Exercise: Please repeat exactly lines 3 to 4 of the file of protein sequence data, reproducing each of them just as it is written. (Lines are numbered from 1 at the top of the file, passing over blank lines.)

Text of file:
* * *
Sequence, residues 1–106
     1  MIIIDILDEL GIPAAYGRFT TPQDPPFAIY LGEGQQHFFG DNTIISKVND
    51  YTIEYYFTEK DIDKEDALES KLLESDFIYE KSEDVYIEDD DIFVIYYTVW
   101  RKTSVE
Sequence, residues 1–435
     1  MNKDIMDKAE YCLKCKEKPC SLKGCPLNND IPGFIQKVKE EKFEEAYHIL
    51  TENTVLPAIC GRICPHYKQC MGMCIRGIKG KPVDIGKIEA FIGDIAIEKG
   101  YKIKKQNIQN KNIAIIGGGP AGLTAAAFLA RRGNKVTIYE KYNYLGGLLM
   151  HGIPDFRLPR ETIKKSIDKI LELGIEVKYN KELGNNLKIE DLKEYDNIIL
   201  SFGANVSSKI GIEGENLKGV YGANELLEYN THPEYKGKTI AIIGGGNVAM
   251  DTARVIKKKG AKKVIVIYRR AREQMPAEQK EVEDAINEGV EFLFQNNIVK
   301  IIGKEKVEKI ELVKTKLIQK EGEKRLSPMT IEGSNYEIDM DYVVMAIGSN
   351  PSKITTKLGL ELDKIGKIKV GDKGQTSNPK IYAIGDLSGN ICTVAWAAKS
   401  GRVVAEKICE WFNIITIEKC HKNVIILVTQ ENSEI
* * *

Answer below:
    51  YTIEYYFTEK DIDKEDALES KLLESDFIYE KSEDVYIEDD DIFVIYYTVW
   101  RKTSVE